The embryo transfer (ET) program is the heart of the breeding system here at Vintage Angus Ranch. The donor cows are housed and run at our Warnerville Ranch during the time that they are being flushed. Once each of the cows are bred back they are returned to the main herd of cows until they calve again. The donor program is based around some of the most proven predictable cow families in the Angus breed. We are also able to produce a bank of embryos that we offer for sale and a current listing can be requested on the Contact Us page.
The Cow Herd
The spring calving cow herd is the larger of the two groups of cows. This group consists of 450 cows that begin calving January 1st. These cows calve on the La Grange ranch and the early calvers are bred AI, are on native feed, and then they are moved to the irrigated ranches in May. The calves are weaned in late October and the Angus cows return to the La Grange ranch, while the recipient cows are sold as bred commercial replacements.
The fall calving cowherd consists of 75 cows that calve between September 1st and October 31st. These cows are managed throughout the year on the La Grange ranch with some supplemental hay feeding required prior to and through the breeding season. The calves are weaned in two groups with the bulls coming off May 1st for the bull test and the heifers coming off June 15th. The fall Angus herd consists mainly of donors that have been bred and taken out of the flushing rotation.
Jim Coleman's interest in cattle was sparked by his uncle, Herb Coleman, on his many visits as a boy to his uncle's Jersey dairy. He was a leading dairyman in Oregon and was president of the Oregon Jersey Association. There was something noble and special about his work, and that instilled a set of values Jim keepsIn later years of Jim's business career, an opportunity arose for him to have his own herd of cattle and to rediscover that farming was in his blood.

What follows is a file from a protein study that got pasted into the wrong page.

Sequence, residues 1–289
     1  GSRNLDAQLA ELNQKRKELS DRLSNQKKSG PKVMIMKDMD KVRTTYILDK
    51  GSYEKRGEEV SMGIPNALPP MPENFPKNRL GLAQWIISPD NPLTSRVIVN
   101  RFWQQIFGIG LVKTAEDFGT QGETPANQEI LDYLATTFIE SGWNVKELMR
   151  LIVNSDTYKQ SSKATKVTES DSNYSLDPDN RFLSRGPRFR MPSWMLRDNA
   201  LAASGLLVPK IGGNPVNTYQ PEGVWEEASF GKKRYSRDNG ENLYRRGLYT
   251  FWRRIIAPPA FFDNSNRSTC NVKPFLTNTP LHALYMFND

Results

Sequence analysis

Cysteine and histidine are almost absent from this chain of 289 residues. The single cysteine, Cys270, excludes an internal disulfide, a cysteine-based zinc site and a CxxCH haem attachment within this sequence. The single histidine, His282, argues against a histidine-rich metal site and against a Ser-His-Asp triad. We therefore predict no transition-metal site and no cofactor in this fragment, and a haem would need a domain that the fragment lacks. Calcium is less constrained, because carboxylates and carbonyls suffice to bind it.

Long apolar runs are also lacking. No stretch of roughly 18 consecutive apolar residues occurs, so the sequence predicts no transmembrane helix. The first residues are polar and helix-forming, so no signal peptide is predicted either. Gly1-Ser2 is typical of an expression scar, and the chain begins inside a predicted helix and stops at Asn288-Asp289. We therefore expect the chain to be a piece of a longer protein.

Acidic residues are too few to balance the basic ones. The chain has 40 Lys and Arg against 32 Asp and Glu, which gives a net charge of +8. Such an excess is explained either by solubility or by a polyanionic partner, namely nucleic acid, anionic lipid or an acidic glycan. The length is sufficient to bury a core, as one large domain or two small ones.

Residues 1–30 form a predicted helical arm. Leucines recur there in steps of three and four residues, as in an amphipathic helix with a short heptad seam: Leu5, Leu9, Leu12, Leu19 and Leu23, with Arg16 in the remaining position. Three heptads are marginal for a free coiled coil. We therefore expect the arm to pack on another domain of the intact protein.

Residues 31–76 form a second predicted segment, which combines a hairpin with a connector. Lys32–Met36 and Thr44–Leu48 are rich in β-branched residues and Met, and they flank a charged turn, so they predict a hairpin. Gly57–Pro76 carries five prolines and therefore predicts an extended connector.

Two of Jim's four sons worked one summer on a commercial Angus ranch where his family's company conducted feed experiments. They came home to return to high school and said to their dad, "We should have some Angus cattle around our home ranch." Jim said, "If you build the fence, I will buy the Angus cows."
So, the boys persuaded him to go to Ankony Angus in Loyalton, CA, to buy some cows. This was an important milestone because it led to the friendship of Mac Cropsey and Armand Hammer and the first purchase of four females from their first sale in 1976 and the beginning of Vintage Angus.
During the following years, Jim learned the importance of cow families and all the important aspects of breeding Angus cattle from these men, along with Bob Long and Chuck Graff. Two of the most important cow families from the Ankony herd are still represented in Vintage's exceptional list of donor cows.
As Jim's sons grew past the junior projects, his next two sons took up the helm and spurred the program along into the 1980s. During these years, the Vintage herd increased in size and quality and started their annual female production sale in the fall of 1987. It wasn't until Jim decided to expand from a regional to a national program and to reach out for a nationally known manager that the next major milestone was achieved.